I preheat the oven to 350 degrees while I am preparing the baking dishes, laying out the ribs, and covering the ribs with sauce. Many of the recipes found online recommend 300 degrees. When pressed for time, I have upped the temperature to 375, but my personal preference is 350 degrees because it allows the meat to cook thoroughly. It is also the default setting for the oven whenever I press the bake button. Once the oven is ready, I place these baking dishes on the middle rack in the oven and let the ribs cook for two and half to three hours. It is the kind of meal that requires a lot of time; it is a meal meant for a holiday, or a Sunday, or an occasion when a cold front has settled over the area.  

I have nothing else to do while the ribs cook. Leaving the house is not recommended because of the fire hazard. I usually head off to my home office to grade. After about two and half hours, the meat has pulled back from the bones, if I am cooking baby back ribs, and has turned a light brown (although as a color-blind person I can only approximate).  The smell of cooked ribs starts to waft through the house after only an hour. Our cats go a little crazy as the meat is cooking and pester us for scraps as we eat dinner.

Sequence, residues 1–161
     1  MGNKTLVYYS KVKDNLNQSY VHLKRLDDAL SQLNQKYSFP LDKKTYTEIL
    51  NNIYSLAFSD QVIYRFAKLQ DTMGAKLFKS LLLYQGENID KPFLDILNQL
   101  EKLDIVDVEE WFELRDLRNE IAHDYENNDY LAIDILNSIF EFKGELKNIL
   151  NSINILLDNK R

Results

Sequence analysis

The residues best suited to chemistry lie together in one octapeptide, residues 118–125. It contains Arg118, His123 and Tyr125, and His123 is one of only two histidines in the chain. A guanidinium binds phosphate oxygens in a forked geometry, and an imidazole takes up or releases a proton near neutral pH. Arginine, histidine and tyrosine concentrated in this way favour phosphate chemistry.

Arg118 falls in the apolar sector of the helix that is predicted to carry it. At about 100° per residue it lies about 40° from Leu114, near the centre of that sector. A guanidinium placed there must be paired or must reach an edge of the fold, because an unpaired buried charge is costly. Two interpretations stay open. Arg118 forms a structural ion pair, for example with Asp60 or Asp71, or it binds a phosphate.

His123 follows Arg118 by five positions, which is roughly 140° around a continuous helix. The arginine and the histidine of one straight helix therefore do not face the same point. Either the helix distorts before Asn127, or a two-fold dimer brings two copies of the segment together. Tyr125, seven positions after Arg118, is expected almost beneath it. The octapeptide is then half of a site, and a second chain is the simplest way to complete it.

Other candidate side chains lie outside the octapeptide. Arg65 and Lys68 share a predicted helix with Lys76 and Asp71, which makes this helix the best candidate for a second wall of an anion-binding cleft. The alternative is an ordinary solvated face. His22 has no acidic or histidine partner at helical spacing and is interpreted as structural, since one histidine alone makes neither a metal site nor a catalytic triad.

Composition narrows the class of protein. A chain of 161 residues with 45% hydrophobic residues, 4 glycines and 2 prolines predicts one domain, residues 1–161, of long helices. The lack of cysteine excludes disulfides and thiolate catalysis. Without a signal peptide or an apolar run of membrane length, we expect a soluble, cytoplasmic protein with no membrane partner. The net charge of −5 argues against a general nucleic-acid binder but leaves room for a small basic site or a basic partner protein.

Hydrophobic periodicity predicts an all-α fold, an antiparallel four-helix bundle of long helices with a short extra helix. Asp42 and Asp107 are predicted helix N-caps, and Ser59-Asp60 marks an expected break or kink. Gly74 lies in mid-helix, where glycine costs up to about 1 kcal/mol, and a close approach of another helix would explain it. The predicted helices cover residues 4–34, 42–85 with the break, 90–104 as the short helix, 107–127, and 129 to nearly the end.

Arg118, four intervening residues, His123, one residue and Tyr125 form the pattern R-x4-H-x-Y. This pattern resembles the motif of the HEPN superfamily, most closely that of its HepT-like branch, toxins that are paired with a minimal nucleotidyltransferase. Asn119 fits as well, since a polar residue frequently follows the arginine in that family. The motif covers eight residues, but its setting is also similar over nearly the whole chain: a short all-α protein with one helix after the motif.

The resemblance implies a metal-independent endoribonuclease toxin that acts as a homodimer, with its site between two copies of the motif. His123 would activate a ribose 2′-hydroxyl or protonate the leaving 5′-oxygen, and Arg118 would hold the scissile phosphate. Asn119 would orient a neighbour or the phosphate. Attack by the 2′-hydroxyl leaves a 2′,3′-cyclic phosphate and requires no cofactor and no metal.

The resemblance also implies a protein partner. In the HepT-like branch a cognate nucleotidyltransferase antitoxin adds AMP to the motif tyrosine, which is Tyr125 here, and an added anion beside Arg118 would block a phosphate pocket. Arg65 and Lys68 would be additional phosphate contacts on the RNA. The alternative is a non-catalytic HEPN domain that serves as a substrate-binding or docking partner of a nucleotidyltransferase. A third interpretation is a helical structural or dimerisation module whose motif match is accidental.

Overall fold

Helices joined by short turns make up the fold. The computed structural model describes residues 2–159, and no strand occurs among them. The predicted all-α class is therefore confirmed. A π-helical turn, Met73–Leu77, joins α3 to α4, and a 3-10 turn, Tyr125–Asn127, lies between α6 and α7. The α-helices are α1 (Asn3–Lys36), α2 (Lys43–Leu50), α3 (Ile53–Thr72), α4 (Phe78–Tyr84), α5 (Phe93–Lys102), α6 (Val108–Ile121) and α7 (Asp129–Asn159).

There is no reason to add any additional sauce to the ribs when they are served. Although some people may prefer coleslaw, a baked potato, or French fries with their ribs, I think that ribs are best when served with fresh vegetables, such as tomatoes, carrots, celery, red or yellow peppers, and spinach. Since my wife and I are empty nesters, we can usually get two meals out of a batch of ribs. Ribs for us are an occasional treat, something that we might eat once a month or once every six weeks. Although I have been embracing a diet of fruit and fresh vegetables and resisting eating meat before dark, I have not managed to give up meat entirely because of a meal like ribs baked in the oven.

T